It is the goal of every USDA Rural Development program to help improve the economy and the quality of life in rural communities across this country – but with some projects, the impact of agency investment is not always obvious in the early stages. Once in a while, however; you have one that creates an economic domino effect with a return on investment that is nearly immediate.
A great example of such a project is taking place in Mercer County, Kentucky, and involves the expansion and upgrade of the Harrodsburg Water Treatment Plant. In 2010, Rural Development provided loan and grant funds to increase the plant’s capacity from four to six million gallons per day (MGD).
Just as city officials prepared to break ground on the expansion project, a local manufacturer announced plans for an expansion project of its own – one that is a direct result of Rural Development’s investment in the water treatment plant.
Wausau Paper will begin work this summer to expand its Harrodsburg plant, which has been in operation there since 1990. The expansion will create nearly 400 jobs – in the facility and during construction – and increase the plant’s production of towel and tissue products by about 75,000 tons annually.
Wausau’s Chief Executive Officer Thomas Howatt said this investment was the largest in Wausau’s history. As a result of the expansion, Wausau will add 76 new jobs to add to its current workforce of 397. The expansion project also will create an additional 300 construction jobs during peak building period.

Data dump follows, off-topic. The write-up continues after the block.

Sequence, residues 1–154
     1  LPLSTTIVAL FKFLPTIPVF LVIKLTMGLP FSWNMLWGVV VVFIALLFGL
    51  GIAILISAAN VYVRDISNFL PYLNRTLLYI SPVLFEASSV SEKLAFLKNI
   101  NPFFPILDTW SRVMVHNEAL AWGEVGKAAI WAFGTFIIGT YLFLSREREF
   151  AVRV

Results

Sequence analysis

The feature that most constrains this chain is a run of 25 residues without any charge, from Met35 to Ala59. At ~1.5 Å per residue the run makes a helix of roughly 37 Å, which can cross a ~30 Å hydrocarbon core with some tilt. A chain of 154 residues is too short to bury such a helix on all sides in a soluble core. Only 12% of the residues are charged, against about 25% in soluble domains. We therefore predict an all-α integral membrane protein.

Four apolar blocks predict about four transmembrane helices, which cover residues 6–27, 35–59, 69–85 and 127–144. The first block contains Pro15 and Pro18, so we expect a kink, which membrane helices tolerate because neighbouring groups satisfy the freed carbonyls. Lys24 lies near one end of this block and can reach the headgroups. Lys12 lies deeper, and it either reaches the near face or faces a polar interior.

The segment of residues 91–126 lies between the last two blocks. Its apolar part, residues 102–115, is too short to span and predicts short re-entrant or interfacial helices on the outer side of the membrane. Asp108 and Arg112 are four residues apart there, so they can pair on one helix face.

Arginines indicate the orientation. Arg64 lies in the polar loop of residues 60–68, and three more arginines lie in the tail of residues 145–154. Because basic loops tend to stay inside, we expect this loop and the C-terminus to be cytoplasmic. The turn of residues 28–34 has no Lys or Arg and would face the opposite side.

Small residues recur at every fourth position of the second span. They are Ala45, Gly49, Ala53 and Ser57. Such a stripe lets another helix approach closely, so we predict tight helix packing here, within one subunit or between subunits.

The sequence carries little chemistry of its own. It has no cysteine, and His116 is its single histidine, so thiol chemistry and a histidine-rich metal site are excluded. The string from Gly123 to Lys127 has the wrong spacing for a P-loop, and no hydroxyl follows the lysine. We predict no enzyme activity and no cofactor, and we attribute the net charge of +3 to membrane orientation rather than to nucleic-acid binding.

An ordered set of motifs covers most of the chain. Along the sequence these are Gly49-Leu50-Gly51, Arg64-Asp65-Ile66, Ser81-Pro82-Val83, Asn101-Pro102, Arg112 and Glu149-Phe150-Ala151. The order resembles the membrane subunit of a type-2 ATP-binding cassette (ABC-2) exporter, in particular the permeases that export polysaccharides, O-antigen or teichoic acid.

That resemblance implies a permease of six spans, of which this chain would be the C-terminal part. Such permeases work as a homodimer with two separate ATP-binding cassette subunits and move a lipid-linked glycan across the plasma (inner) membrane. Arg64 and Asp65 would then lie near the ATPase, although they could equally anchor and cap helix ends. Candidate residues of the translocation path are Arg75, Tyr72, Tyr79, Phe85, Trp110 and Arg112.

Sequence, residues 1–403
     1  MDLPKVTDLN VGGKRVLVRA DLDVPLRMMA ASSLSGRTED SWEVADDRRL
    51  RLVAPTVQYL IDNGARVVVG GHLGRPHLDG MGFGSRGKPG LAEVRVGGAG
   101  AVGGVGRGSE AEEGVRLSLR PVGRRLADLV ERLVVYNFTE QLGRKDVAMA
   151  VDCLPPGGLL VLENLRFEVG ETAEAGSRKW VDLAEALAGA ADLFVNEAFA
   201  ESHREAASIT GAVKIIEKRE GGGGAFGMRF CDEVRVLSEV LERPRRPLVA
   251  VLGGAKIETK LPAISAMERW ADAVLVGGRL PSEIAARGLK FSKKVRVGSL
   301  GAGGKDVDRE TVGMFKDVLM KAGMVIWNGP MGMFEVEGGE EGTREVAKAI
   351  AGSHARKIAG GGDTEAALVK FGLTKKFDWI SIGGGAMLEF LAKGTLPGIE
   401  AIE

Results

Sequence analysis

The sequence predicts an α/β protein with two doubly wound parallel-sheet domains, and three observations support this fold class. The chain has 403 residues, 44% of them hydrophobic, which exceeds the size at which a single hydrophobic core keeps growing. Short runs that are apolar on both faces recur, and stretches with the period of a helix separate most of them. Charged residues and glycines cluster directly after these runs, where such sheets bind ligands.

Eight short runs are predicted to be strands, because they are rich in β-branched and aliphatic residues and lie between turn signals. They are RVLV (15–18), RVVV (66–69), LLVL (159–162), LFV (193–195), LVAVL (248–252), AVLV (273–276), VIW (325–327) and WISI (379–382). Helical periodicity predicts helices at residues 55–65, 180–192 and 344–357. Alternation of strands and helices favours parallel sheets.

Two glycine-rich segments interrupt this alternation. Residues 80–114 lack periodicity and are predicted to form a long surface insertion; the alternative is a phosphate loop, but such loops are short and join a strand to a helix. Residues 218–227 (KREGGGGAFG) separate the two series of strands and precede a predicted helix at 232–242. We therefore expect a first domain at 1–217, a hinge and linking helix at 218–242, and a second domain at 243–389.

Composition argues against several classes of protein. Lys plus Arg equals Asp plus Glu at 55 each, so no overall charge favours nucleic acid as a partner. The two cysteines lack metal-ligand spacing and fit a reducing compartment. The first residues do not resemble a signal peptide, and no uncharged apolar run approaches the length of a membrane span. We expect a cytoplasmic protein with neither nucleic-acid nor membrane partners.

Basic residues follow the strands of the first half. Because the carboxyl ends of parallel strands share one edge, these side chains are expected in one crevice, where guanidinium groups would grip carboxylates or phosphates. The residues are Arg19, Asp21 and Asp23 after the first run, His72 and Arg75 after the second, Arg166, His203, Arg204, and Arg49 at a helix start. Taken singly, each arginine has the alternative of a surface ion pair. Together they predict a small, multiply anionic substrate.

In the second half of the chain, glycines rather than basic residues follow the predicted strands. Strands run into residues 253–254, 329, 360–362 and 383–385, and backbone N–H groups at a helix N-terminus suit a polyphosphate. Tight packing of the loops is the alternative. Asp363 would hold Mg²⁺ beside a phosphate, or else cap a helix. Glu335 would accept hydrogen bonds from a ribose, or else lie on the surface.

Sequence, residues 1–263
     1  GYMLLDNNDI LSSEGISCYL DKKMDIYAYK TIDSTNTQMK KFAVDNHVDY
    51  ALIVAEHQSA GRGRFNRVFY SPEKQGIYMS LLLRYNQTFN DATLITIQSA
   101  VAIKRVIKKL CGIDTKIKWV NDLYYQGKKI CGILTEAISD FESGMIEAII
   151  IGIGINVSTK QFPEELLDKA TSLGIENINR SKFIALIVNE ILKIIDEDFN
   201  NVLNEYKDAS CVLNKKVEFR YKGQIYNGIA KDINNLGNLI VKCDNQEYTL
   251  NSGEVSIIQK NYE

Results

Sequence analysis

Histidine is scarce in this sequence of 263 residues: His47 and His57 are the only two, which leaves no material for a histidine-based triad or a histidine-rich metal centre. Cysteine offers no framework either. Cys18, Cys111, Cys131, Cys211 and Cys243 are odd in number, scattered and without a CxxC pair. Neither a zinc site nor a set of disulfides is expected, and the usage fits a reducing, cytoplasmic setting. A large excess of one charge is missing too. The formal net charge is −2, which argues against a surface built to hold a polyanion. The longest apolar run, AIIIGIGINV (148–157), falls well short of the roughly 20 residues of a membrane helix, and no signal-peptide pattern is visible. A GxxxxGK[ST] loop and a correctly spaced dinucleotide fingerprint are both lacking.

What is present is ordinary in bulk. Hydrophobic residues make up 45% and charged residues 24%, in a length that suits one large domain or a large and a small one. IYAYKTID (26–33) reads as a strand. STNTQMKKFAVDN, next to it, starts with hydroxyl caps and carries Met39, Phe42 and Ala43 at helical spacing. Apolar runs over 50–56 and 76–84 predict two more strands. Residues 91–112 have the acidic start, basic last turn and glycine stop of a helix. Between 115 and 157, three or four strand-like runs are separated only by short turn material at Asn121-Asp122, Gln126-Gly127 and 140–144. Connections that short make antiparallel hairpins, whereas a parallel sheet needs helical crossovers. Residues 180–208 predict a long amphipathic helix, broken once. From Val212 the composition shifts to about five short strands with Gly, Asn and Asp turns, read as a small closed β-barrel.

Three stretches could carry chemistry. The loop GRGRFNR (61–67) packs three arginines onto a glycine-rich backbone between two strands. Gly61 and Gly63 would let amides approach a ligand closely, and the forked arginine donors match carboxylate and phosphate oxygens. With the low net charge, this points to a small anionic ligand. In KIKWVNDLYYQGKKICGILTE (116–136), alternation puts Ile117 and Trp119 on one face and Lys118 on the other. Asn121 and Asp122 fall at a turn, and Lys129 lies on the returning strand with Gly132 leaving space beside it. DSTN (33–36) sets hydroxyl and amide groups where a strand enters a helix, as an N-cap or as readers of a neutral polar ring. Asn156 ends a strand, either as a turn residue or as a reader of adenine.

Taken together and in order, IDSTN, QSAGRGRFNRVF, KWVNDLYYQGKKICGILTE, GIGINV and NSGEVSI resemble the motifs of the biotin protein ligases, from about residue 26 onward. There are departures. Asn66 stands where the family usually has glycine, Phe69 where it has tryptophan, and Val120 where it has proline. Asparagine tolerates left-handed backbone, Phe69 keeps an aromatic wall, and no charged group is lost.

The Harrodsburg Water Treatment Plant provides drinking water for nearly 10,000 customers in Harrodsburg in Mercer County, including three wholesale customers – North Mercer Water District, City of Burgin and Lake Village Water Association. Mercer County is located in Central Kentucky has seen steady population growth over the last 60 years – a trend that was confirmed with the release of the 2010 Census data. Given its proximity to Lexington, that growth is projected to continue through 2025 and beyond.
Other funding sources for the project include a $1 million grant from the HUD Community Development Block Grant program.
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